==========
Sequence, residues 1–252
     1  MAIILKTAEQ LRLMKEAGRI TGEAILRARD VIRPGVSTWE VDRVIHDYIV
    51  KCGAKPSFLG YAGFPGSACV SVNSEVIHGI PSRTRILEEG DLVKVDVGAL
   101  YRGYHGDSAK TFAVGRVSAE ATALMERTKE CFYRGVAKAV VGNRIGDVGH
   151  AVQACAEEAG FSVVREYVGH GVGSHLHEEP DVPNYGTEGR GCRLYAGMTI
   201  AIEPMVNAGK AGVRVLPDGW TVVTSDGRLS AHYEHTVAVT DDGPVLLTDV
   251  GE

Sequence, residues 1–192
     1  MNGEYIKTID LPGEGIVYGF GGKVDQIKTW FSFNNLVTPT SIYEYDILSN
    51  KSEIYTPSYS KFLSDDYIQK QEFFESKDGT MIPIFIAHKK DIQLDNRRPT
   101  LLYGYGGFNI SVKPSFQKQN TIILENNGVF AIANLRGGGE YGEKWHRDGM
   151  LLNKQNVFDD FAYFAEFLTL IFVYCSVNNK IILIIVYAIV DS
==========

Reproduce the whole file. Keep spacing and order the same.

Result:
Sequence, residues 1–252
     1  MAIILKTAEQ LRLMKEAGRI TGEAILRARD VIRPGVSTWE VDRVIHDYIV
    51  KCGAKPSFLG YAGFPGSACV SVNSEVIHGI PSRTRILEEG DLVKVDVGAL
   101  YRGYHGDSAK TFAVGRVSAE ATALMERTKE CFYRGVAKAV VGNRIGDVGH
   151  AVQACAEEAG FSVVREYVGH GVGSHLHEEP DVPNYGTEGR GCRLYAGMTI
   201  AIEPMVNAGK AGVRVLPDGW TVVTSDGRLS AHYEHTVAVT DDGPVLLTDV
   251  GE

Sequence, residues 1–192
     1  MNGEYIKTID LPGEGIVYGF GGKVDQIKTW FSFNNLVTPT SIYEYDILSN
    51  KSEIYTPSYS KFLSDDYIQK QEFFESKDGT MIPIFIAHKK DIQLDNRRPT
   101  LLYGYGGFNI SVKPSFQKQN TIILENNGVF AIANLRGGGE YGEKWHRDGM
   151  LLNKQNVFDD FAYFAEFLTL IFVYCSVNNK IILIIVYAIV DS